There’s nearly 10,000 tonnes of potentially toxic waste causing anger and anxiety in a tiny Southland town. We look at the secret deal that put it there, and the battle against a faceless entity to get rid of it. 

Mataura used to be a paper mill town. Nowadays the old white warehouse building that sits by the river, right in the middle of town, is used for storage. But not ordinary storage. For years it has been the resting place of what they call Ouvea premix – waste from the aluminium smelter that, once wet, is highly toxic and releases ammonia.

The company contracted to deal with the waste, Taha, is now in liquidation, leaving a literal and figurative mess behind.

It secretly put bags of the stuff in the old mill buildings in 2014 without telling anyone about it – and it certainly didn’t get a resource consent.

RNZ’s Ian Telfer has been covering all the twists and turns.

“It was only [in 2014] that the council found out, the community found out, and the council had to scramble – and found that it had 10,000 tonnes of the material in one-tonne bags.

“It’s just ended up as a very hot potato for the smelter, the council, the community and government – and a big mess to clean up,” he says.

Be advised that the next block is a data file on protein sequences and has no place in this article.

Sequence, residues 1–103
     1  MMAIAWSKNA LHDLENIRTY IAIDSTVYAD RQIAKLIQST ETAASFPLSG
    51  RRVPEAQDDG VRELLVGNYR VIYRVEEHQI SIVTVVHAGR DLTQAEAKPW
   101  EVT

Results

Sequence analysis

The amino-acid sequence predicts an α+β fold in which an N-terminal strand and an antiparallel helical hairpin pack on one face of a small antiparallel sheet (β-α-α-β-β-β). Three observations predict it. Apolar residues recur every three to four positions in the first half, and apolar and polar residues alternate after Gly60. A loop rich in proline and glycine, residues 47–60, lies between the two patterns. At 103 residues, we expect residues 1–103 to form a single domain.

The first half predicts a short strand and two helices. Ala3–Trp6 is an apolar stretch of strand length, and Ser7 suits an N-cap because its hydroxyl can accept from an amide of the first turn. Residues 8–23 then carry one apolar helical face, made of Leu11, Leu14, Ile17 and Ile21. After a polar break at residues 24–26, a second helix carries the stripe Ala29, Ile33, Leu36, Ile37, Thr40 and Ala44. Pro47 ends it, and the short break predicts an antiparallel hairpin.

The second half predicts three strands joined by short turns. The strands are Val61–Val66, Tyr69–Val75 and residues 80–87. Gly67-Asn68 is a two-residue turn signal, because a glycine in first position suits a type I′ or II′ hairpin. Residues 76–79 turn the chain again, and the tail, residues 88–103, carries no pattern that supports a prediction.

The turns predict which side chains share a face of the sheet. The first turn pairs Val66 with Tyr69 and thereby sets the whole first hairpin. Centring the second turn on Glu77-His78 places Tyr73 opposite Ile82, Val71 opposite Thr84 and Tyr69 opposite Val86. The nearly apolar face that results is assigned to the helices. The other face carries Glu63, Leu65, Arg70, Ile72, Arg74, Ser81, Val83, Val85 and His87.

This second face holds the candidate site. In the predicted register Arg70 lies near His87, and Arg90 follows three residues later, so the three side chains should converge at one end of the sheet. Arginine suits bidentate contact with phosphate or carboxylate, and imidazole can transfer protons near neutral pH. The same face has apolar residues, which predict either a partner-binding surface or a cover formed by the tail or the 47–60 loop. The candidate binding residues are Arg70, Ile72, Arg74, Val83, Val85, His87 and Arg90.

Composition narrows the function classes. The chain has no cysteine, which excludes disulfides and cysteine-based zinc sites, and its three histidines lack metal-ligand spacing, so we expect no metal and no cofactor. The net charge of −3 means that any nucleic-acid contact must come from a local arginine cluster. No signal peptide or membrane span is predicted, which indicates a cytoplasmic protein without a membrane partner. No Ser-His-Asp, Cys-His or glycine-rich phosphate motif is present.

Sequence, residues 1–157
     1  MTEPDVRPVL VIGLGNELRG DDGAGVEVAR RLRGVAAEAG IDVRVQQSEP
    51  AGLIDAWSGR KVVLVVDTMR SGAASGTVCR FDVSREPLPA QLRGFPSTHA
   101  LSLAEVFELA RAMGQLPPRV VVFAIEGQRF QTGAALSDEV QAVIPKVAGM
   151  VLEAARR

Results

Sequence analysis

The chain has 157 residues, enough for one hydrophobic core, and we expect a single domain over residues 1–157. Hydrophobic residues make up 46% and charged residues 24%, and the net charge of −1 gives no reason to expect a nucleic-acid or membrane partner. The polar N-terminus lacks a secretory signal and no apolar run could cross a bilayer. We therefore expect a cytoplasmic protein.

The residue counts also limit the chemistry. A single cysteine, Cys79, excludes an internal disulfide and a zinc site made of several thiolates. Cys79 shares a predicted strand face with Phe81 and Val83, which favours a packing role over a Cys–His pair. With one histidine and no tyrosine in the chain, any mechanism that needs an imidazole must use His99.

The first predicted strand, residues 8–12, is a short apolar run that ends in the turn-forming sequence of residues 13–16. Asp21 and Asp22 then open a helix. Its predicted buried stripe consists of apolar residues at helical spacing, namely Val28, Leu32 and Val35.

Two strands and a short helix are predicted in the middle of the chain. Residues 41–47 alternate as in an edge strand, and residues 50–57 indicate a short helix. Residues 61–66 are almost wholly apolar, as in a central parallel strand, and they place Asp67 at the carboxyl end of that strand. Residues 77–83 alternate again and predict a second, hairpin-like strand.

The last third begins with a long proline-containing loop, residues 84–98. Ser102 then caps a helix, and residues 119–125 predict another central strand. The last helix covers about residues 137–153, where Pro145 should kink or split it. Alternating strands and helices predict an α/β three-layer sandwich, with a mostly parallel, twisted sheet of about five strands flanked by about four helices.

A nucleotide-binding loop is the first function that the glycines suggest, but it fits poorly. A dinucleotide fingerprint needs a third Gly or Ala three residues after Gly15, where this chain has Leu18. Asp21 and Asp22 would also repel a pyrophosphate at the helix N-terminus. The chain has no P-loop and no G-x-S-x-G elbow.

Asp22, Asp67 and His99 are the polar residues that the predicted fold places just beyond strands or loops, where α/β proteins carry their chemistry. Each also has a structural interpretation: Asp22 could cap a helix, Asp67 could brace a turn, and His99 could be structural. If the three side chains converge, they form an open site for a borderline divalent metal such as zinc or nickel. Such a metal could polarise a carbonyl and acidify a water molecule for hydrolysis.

Taha was given a retrospective resource consent when it was discovered, but had to pay a $2.3 million bond in case they went bust, so the council would have the money to shift it out if they had to do so.

“Ironically Taha appealed that to the Environment Court and it was never paid. So one of the things that happened when it went bust was … the council didn’t have a cent.”

There are different stories as to how Taha went broke, but along the way they had staff who were handling the substance hospitalised when it got wet, they couldn’t extract or on-sell aluminium from it as they’d hoped, and the owner says the Tiwai smelter owners tried to screw down the price of the contract. It all came to a head in 2016, Taha liquidated and 22 staff made redundant.

A $4m deal was struck in July 2018 which would have seen the waste shipped to Australia for processing, but people were worried about the possibility of the Mataura river flooding in the 18 months to three years it was expected to take to move it offshore.

In February we saw the biggest flood on record in Mataura, the water coming in and up into the mill building.

By mid-morning police were ordering everyone out because of the public health threat.

While Mataura residents watched anxiously as flood waters swamped the town, a crucial meeting was going on between the council’s CEO, a representative from the Environment Minister, and the head of NZ Aluminium Smelters, Stewart Hamilton, at the NZAS office.

Just over a week ago Gore District Mayor Tracy Hicks thought he had a hand-shake deal that would fast-track the removal of the ouvea. But the board of the smelter’s parent company, Rio Tinto, overruled it.

The bulk of the ouvea is still there, about 9500 tonnes of it. Locals want it gone, preferably back to a safe site at Tiwai.

But Hicks says they’re battling away against a faceless entity.

Source - msn
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